Nerf Speedswarm teardown
I selected the Nerf Speedswarm for this project as it was fully automatic and was cheap (around $25.00). The Nerf Dart Tag Speedswarm is a 10 shot full auto blaster with ranges of about 35 feet. The Speedswarm is like a compact version of the Swarmfire with 10 less shots. Like the Swarmfire, this blaster won’t shoot Nerf streamlines unless you remove the dart pegs. I really liked the size, look and weight of the blaster, but I’m not sure about the blue trigger. Most Nerf guns require the user to pump them. The Speedswarm is the only Nerf gun under $30 I could find that was full auto, and can be operated electronically by pulling the trigger alone.
The SpeedSwarm is very hacker friendly. There are no glued parts or hidden screw holes. All I had to do was remove the few screws from one side to get the case open.
Once open you can see the system is very simple. There is an orange rotating barrel which is directly attached to the white plastic body that holds the firing system which is a spring powered piston. The actual circuit is very simple. A pressure trigger switch and battery case are wired together to a small motor.
The gun function works by providing power to a small electric motor via the trigger pressure switch. When the trigger is pulled, 9VDC is applied to the motor which pulls the piston back and spring under tension.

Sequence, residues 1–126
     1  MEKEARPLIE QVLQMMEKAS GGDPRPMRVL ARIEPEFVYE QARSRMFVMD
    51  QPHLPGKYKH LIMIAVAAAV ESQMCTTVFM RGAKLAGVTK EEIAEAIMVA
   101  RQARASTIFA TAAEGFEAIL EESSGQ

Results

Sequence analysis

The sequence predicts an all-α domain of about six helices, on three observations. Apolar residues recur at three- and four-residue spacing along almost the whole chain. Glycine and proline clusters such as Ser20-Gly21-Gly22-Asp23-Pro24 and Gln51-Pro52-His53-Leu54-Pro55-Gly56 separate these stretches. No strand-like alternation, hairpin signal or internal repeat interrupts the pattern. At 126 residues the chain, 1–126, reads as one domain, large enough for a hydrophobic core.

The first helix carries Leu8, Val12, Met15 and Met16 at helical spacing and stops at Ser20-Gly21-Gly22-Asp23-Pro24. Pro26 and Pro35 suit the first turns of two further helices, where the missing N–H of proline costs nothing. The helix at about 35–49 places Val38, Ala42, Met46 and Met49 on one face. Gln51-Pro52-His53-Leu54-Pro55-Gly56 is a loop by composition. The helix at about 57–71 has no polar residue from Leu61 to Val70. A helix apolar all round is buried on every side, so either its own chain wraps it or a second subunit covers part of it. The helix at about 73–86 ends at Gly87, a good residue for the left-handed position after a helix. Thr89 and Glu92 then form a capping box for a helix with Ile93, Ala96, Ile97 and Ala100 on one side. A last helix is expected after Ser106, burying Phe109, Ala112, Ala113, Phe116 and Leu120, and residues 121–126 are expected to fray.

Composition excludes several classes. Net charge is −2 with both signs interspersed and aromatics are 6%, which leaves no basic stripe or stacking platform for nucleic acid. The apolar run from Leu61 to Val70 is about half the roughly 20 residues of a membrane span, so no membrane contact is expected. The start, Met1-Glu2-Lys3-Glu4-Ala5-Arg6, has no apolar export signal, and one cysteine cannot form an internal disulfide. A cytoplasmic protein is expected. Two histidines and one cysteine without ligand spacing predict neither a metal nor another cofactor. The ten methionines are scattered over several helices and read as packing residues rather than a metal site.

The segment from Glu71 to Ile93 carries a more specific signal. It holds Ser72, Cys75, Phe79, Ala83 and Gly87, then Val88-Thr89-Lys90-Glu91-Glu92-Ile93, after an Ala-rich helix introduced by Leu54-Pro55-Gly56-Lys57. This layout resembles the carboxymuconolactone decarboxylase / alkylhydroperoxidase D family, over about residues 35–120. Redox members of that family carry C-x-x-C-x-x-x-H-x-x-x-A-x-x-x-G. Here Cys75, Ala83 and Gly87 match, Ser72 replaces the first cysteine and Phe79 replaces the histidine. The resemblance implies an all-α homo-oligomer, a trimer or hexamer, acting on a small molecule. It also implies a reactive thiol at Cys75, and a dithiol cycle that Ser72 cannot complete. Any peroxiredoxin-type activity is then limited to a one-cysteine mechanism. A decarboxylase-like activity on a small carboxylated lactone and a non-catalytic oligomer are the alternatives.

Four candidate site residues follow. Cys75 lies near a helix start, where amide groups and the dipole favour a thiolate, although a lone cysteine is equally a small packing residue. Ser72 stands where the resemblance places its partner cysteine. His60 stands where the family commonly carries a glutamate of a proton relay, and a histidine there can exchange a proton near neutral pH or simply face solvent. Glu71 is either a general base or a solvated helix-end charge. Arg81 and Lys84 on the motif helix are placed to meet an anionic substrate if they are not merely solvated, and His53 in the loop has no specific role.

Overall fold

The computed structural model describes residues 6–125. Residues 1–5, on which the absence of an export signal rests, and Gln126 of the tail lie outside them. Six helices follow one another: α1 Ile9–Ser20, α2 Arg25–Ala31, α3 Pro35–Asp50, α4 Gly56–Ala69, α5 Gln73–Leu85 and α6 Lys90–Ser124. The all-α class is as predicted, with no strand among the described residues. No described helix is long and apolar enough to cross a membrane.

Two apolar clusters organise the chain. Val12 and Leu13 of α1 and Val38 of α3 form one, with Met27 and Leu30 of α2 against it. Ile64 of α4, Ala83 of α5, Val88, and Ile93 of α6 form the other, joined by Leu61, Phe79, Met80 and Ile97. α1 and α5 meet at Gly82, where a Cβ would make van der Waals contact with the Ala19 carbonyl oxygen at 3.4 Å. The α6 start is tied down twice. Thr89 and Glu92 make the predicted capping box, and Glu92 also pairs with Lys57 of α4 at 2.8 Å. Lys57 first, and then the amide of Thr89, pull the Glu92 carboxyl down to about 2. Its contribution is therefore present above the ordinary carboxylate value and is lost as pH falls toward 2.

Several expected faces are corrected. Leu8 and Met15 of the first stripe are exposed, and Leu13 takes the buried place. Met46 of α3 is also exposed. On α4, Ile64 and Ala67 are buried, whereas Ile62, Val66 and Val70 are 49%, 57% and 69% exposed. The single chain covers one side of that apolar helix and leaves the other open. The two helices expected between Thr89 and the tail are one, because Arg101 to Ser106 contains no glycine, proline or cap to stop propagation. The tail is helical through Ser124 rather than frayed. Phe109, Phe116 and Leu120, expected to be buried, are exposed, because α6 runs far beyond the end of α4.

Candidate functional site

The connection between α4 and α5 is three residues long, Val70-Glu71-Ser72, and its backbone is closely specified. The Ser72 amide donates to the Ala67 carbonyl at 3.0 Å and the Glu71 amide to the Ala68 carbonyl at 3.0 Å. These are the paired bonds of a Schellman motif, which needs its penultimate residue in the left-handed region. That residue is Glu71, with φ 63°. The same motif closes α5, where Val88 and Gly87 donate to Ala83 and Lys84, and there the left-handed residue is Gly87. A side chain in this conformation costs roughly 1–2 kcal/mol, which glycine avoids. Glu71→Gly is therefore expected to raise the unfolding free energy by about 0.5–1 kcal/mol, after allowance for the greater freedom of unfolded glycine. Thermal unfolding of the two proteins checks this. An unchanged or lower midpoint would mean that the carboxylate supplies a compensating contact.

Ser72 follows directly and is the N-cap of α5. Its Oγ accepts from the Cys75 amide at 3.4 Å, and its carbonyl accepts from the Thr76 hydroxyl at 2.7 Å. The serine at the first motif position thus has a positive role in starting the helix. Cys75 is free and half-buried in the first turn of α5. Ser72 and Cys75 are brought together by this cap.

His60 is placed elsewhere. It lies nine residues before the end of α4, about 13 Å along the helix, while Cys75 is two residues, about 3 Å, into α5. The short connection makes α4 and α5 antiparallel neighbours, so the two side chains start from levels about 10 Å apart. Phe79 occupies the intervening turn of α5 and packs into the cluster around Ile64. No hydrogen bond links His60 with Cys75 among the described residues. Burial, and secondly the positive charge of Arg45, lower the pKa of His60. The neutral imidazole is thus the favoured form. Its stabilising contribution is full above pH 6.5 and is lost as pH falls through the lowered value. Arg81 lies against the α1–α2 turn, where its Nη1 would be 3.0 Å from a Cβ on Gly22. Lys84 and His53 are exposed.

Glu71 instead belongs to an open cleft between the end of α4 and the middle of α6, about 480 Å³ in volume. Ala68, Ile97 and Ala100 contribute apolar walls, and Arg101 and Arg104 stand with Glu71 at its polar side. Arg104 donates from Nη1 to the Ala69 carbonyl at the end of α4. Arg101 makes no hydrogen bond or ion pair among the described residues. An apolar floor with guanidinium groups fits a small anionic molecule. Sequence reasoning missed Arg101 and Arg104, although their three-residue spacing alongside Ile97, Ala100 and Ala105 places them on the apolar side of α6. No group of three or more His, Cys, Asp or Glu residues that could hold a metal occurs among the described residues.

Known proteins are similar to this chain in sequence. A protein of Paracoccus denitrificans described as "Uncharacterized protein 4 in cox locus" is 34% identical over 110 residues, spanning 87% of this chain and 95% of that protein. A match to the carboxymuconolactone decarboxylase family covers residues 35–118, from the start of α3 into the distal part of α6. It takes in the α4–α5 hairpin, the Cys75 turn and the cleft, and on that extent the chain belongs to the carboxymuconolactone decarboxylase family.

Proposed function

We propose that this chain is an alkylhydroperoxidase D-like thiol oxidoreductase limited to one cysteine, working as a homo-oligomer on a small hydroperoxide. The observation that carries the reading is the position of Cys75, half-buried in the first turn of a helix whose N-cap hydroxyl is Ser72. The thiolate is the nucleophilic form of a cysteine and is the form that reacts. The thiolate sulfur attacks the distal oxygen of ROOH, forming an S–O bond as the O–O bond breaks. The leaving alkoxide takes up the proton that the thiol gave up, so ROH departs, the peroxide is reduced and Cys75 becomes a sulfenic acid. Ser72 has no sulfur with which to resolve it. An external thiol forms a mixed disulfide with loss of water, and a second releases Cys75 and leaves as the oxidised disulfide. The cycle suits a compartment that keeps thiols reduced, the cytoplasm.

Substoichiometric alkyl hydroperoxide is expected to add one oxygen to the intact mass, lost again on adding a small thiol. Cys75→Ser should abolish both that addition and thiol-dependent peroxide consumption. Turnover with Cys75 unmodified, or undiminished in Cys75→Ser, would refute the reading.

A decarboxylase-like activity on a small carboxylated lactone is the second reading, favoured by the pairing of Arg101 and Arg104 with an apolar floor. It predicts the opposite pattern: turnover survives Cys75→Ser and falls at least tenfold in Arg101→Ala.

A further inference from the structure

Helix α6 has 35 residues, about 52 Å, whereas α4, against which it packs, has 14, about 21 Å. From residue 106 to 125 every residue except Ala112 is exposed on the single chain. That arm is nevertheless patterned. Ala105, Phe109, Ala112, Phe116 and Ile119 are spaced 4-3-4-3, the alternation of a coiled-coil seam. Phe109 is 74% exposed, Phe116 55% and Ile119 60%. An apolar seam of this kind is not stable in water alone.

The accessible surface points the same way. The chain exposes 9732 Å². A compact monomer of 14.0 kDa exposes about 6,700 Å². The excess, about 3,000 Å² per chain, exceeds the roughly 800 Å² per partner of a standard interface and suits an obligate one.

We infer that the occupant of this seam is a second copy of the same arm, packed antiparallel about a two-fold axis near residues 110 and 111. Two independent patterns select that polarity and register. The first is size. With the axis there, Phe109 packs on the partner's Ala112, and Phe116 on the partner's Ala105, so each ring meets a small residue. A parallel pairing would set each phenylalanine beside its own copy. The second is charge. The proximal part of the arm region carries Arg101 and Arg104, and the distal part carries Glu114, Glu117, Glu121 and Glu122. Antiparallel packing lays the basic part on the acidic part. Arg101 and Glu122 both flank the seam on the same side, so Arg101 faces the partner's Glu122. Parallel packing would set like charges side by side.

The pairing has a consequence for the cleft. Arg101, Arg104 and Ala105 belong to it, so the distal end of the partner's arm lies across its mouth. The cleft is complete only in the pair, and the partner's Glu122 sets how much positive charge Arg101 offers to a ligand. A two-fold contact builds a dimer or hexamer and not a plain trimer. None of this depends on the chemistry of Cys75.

The motor gears are missing teeth in strategic places which allows the piston to slip past the gears -under power by the spring- to fire each dart. At the same time the motor also pushes the rotating barrel one position to engage the next dart with each shot. This is done using a small lever at the same time the piston spring is put into tension. The timing of both of these parts is regulated by the gears, spring and motor. If the frame is expanded down the seam, it is possible to put the system into a configuration where the gears do not catch and the gun will not fire.
I found that there is a risk of this very thing happening, the frame expanding when I increased the voltage. To avoid this, I put a liberal amount of hot glue across the top seam of the piston housing and covered it with thick piece of paper before it cooled. This gives the seam more strength to resist coming apart and is much easier to remove if needed than real glue.
Battery cover doubles as false bottom
I do not intend on using the original battery case, but this makes a large hole in the frame without it. I found if I turn the case over it fits into the missing space in the frame perfectly and held in place with some hot glue.
I also removed the handle by using a wire clipper to break apart the plastic a bit at a time.
I then hot glued an empty wire coil to the battery case. On top of this I glued a servo wheel. I then hid the wire coil by wrapping with soda can aluminum.
Now that we have the basic tracking system working and weapon ready to go I figured it was a good time to come up with some form factor to hold the components. I didn’t want to spend time building a case or money buying one if I could get away with it. For now I wanted to focus on getting the system together and still working, I could spend more time on a great case later.
I was lucky enough to have saved the box my new cable modem came in after moving last year. It was actually a nice size to work with and would fit the project well.
- Electronic Speedswarm Nerf gun
- 2 Parallax PING))) Sensors
- 2 continuous servo motors
- 1 USB 5V rotating siren lamp
- 9V DC Speaker
- 1 Arduino Uno